How to Know What Work Environment Is Best for You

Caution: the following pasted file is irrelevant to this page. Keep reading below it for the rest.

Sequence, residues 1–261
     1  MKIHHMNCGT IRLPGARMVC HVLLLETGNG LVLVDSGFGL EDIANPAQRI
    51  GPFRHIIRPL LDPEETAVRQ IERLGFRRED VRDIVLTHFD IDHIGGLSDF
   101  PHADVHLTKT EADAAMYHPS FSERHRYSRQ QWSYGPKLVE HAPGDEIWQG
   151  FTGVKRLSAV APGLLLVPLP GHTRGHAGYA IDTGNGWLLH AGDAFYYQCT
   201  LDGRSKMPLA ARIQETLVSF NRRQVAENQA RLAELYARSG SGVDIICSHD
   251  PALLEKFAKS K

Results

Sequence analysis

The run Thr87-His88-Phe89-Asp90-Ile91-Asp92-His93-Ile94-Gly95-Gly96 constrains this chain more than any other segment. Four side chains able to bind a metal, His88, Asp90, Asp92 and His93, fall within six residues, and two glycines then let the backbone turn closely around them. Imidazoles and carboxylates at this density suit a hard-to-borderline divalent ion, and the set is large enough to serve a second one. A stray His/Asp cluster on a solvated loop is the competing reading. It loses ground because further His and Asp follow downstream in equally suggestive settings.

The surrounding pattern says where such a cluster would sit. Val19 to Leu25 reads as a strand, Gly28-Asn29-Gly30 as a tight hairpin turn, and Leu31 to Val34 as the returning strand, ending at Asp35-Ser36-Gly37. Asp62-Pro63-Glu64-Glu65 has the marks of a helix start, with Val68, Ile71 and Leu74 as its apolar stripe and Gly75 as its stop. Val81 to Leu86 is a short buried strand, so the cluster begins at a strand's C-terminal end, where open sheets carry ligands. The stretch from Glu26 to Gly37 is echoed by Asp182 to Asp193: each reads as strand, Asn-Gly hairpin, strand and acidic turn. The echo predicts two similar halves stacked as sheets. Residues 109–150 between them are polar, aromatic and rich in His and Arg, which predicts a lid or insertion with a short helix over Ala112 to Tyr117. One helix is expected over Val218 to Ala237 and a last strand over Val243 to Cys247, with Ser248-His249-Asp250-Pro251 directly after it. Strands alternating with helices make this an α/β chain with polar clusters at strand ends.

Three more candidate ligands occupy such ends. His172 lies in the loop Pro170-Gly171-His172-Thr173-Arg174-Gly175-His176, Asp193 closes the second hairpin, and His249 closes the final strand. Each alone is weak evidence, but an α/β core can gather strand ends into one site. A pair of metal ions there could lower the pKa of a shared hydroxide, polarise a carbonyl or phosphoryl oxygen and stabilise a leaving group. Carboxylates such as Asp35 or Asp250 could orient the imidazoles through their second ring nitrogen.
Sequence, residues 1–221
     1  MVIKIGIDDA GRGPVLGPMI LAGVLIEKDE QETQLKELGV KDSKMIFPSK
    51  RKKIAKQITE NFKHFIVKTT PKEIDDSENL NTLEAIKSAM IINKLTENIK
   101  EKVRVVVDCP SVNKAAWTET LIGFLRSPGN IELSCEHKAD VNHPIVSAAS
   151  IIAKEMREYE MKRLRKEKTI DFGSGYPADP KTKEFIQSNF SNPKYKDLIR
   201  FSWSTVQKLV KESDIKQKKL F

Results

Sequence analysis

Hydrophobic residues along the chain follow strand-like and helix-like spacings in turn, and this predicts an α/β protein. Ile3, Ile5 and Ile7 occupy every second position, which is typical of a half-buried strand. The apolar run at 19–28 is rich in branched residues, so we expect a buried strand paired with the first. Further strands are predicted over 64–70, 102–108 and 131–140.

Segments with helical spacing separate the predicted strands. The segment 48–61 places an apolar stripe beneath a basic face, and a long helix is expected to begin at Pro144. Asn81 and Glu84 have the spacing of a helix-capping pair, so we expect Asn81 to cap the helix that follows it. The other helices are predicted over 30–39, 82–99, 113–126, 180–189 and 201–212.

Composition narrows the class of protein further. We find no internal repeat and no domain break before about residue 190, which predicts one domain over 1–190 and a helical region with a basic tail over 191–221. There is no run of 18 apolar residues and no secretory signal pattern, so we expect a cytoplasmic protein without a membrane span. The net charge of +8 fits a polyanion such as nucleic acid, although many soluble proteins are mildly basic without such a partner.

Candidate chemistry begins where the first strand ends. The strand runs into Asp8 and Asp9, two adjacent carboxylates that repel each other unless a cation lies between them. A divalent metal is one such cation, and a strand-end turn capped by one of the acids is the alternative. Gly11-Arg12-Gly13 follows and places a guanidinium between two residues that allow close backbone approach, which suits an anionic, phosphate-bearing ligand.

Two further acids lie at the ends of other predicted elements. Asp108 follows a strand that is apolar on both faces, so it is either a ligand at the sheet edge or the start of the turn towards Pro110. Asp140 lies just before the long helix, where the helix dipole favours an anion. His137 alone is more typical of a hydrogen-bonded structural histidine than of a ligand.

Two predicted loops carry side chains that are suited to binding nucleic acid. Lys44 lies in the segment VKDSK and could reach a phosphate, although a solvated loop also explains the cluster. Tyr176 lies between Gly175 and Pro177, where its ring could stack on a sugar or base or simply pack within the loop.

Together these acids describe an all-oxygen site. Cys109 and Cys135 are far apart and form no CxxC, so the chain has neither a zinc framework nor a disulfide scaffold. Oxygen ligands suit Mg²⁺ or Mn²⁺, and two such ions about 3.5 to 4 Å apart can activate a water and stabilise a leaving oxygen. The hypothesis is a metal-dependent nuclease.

When applying for a new role, it's important to consider whether your skill set lines up with the position's requirements. We call this 'job fit'. But it shouldn't stop there ‒ consider cultural fit too. By this, we mean compatibility between the work environment and your needs, comfortability and personality. A study by Glassdoor revealed that 77 per cent of adults would consider a company's culture before applying for a job there. And we highly encourage that you become part of that 77 per cent. Here are some things to consider when identifying what work environment is best for you. Think about cultural fit as you apply for a job Glassdoor's survey also revealed that 79 per cent of adults would consider a company's mission and purpose before applying for a role, and you should too. If you and the company are on the same page in that respect, you're likely to experience greater job satisfaction, better performance and an improved sense of well-being. Win-win. Consider what your ideal job looks like To identify what type of working environment best suits you, you must understand what your ideal workday looks like. Ask yourself the following questions: What values and missions am I looking for in a company? Are you looking for an ambitious organisation that's continually experimenting and innovating? How about an employer that focusses on giving back to the community or supporting the planet? Would I prefer to work in a startup or well-established organisation? Do you seek a role at a small company where you have the chance to build real foundations? Or, would you prefer to insert yourself in a well-established organisation where the structure and work processes are more stable? Would I prefer to work for a large or small company? Are you keen to work for a large company where you may only get to know the people in your department? Or, would you prefer a small company where you are likely to cross paths with everyone in the business? Would I prefer to work for an agency or in-house? Are you looking for a role in-house, where you can get to know the ins and outs of the company and sector, be devoted to its success and growth, and give its products and services the attention they demand? Or, does an agency role have more appeal, where you will work across multiple clients, projects and industries? What does the management structure look like? There are often two types of management structures in an organisation: flat and hierarchical. A flat structure usually has no middle managers and is short and wide. Communication flows in all directions, with just one or two levels of authority and responsibility. While there are more flexibility and more authority in your role, opportunities for progression may be limited. A hierarchical structure looks more like a pyramid, with directors at the top, scaling down to the base level where employees with less authority occupy the space. Communication flows from top to bottom, with multiple levels of authority and responsibility. While it might take longer to progress through the chain, there will often be a clear path in front of you. How does the company reward and value it’s employees? Glassdoor's survey revealed that over half of the 5,000 respondents said company culture is more important than salary when it comes to job satisfaction. A key element of this satisfaction comes from the way you are rewarded and valued. Consider whether the employer has any recognition programmes and how they invest in their employees. Think about whether they have decent health and welfare benefits or other work perks, such as travel credits, sabbaticals, flexitime or gym passes. And no, free tea and coffee don't cut it. What is the ideal office environment like? Are you looking for a relaxed or stuffy office space? Corporate business wear or a casual dress code? Think about what office environment would help you do your best work ‒ and avoid the opposite. What types of people do I like working with? Do you want to work with people you can get to know and treat like family, or would you rather keep your connections at work in the workplace and keep the focus on the job? Research the organisation to determine its culture There are plenty of ways to learn about an employer to determine its culture. Here are a handful of my favourites for before and during the interview: Research the company You'll get a good feel of the company culture by scanning through its website and social media pages. Often, employers that invest in social activities and perks for their staff will shout about it on Instagram, so don't be afraid to have a snoop. Ask questions during the interview The interview is not just a chance for prospective employers to review you. It's also your opportunity to review them in return. Ask questions that help you gauge the company culture. For example, you might ask about your interviewer's favourite thing about working there or how the company values its employees. Pay attention to the workspace During your interview, pay attention to the working environment. Take note of the office layout, employee attire, breakout spaces and the general vibe of the workspace. Final thoughts Identifying whether the work environment aligns with your career values is just as important as job fit. If you've previously worked in a place that you loved, it may be relatively easy to identify the right working environment for you. But if you haven't experienced this, don't worry. At the very least, you know what makes you unhappy at work, so you can work backwards by process of elimination to pinpoint the right company culture for you.